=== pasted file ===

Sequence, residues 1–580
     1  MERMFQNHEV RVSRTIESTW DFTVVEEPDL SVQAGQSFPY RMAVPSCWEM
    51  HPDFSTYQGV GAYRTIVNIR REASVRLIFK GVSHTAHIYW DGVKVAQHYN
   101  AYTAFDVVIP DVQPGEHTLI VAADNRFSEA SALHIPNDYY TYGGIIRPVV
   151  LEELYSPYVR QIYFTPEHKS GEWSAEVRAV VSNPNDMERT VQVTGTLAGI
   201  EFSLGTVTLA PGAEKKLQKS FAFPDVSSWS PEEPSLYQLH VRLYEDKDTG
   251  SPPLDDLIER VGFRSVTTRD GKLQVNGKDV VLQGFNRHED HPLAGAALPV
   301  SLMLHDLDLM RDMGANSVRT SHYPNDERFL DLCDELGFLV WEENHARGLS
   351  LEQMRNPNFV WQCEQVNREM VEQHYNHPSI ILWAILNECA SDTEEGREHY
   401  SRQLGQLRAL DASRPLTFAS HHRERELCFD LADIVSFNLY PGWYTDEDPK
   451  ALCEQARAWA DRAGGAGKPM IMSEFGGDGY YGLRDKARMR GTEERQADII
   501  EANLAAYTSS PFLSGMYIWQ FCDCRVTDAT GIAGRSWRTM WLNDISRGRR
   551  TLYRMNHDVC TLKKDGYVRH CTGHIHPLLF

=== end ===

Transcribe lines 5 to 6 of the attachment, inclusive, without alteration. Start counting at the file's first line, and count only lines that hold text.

   151  LEELYSPYVR QIYFTPEHKS GEWSAEVRAV VSNPNDMERT VQVTGTLAGI
   201  EFSLGTVTLA PGAEKKLQKS FAFPDVSSWS PEEPSLYQLH VRLYEDKDTG